Pelargonium x hortorum
The garden, or zonal geranium, Pelargonium x hortorum, aka annual, common, horseshoe, horticultural, or storksbill geranium, is an herbaceous evergreen in the Geraniaceae family.
A perennial in USDA Hardiness Zones 10-11, Pelargonium x hortorum may be grown as an annual elsewhere. It’s suited to beds, borders, and containers, and can be wintered over indoors as a houseplant.
Today’s color palette includes shades of orange, pink, purple, red, white, as well as bicolored and double-petalled varieties.
When I was growing up, with every spring came the annual geranium sale.
In this event, all of the students in the band, chorus, and orchestra were challenged to walk from door to door in our neighborhood taking orders for the colors available then: pink, red, and white.
The one who sold the most plants won a prize. Since I never won, I can’t remember what it was!
After racing around trying to outsell our classmates, we soon retraced our steps with pots of blooms tucked into our wagons, bicycle baskets, and the family station wagon, if we were lucky.
As if by magic, flowers appeared in front yards for six square miles.
In this article, you’ll learn all you need to cultivate and care for the classic garden geranium in your yard.
What You’ll Learn
Read on to meet a dependable bloomer you’re sure to love.
What Are Garden Geraniums?
Pelargonium x hortorum (Pelargonium x hybrida) is an umbrella term for cultivated interspecific hybrid crosses of different Pelargonium species – most notably the zonal geranium, P. zonale and the scarlet geranium, P. inquinans.
The “zone” of zonale refers to a band of color on the leaf surfaces, parallel to the scalloped margins. Generally green or purple, it may also be light or dark.
There are also unusual variations, like the yellow, purple, and green of Pelargonium x hortorum ‘Tricolor.’
The banded leaves are generally green to dark green, fuzzy, and have a pungent fragrance, especially when crushed or rubbed.
Thick, branching stems are visibly scarred where the petioles have fallen away. Heights range from one to three feet tall and equally wide, depending on the variety.
From late spring until first frost, showy inflorescences of round clusters of blossoms form atop slender stems.
As the flowers fade and wither, they form elongated, needle-like pods that resemble the bills of storks, and the name Pelargonium is derived from the Greek pelargos, which means stork. Hortum is Latin for garden.
Plants typically have a mounding, shrubby growth habit, although there are some variations. In tropical regions, the stems may become woody.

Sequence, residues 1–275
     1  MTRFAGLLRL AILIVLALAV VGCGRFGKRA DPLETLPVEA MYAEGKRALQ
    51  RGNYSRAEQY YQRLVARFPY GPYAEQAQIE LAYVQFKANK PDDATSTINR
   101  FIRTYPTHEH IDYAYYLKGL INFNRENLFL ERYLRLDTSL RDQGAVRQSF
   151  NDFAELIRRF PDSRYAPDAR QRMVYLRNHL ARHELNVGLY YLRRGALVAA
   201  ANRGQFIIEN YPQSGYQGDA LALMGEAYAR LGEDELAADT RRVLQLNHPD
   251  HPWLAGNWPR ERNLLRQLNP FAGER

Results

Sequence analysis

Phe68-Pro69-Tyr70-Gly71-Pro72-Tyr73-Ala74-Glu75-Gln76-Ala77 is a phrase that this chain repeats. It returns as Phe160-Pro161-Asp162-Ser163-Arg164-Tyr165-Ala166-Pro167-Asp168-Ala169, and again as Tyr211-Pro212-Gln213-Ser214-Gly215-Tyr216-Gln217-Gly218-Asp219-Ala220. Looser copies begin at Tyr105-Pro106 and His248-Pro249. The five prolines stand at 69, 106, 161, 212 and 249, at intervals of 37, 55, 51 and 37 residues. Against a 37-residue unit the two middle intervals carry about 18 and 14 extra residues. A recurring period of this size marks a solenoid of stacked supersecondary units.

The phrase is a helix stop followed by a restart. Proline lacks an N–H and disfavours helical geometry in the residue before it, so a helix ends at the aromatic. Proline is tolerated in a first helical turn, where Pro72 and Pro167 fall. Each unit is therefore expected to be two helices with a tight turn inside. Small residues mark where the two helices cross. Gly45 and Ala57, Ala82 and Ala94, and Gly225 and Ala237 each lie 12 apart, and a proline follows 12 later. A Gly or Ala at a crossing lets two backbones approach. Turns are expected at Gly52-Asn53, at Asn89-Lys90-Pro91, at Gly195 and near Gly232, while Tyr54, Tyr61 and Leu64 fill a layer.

They thrive in a full sun location but can benefit from part shade in the warmest locales.
The soil should be organically rich, moist but not soggy, and well-draining.
It is important to note that these plants don’t like wet feet or moisture-laden leaves, two problems that may invite fungal disease.
I mention my dad here, because years ago he tried to raise these plants as perennials in Florida, reminiscent of our annuals at home. Whether due to poor drainage or poor spacing, he found that they could not withstand the persistent humidity and rainfall, or the occasional frosts.
How he would have loved to give some of today’s varieties a try!
Originally classified in the Geranium genus, zonal or garden geraniums were reassigned to the Pelargonium genus in the 1700s, when ornamental cultivation was already well underway.
However, the name “geranium” had become so entrenched in common usage that even today, we don’t call these plants “pelargoniums,” as proper nomenclature would require.
Why does this matter, you ask?
Because there are other exciting Pelargoniums to explore, such as the ivy geranium, P. peltatum.
And because the true Geranium, the hardy cranesbill, offers its own wonderful array of colors and winter hardiness in Zones 4-9.
There are two propagation methods used by commercial growers: from seed and vegetative.
Seed geraniums are grown from F1 or first generation hybrid seed and typically reach a height of 12 to 18 inches. Flowers have a single row of petals.
Seed varieties are often considered inferior to those propagated vegetatively, because they tend to have smaller flower heads, and the single row of petals may not withstand heavy wind and rain. However, as you will discover in the cultivars section below that there are noteworthy exceptions.
Plant breeders have developed the so-called “designer varieties” with semi-double or double rows of petals that grow up to three feet tall. These are propagated via cuttings and produce clones of the parent plant. In many cases, these plants do not produce viable seed.
You can start your geraniums from seed or by taking a cutting from an existing plant.
In addition, you may also buy plants from your local nursery at the seedling or established stage. These plants will either be grown from seed or propagated vegetatively.
Let’s look at each propagation method.
To start geraniums from seed, purchase F1 seeds from a reputable purveyor. Do not try to save seed from an existing plant as the second generation will not grow true to the parent plant.
You may sow seeds outdoors in Zones 10 to 11 at any time.
Sanitary conditions are essential to prevent damping off, a fungal disease that causes the sudden death of seedlings.
It’s recommended to use a sterile, soilless potting medium, such as Espoma, available via Amazon, and clean containers or seed trays that drain well.
Fill the containers to about 1/2 to one inch below the pot rims.
Before sowing, gently scarify the seeds with an emery board to break the seed coats.
Place seeds two to three inches apart in larger containers or one seed per cell and barely cover them with 1/4 inch of potting medium.
Give the containers a thorough soaking to saturate the potting medium and cover them with clear plastic wrap.
To ensure germination, the soil temperature must not go above 75°F, so place containers out of direct sunlight in a room with a daytime temperature of 70-75°F, and 60-65°F at night.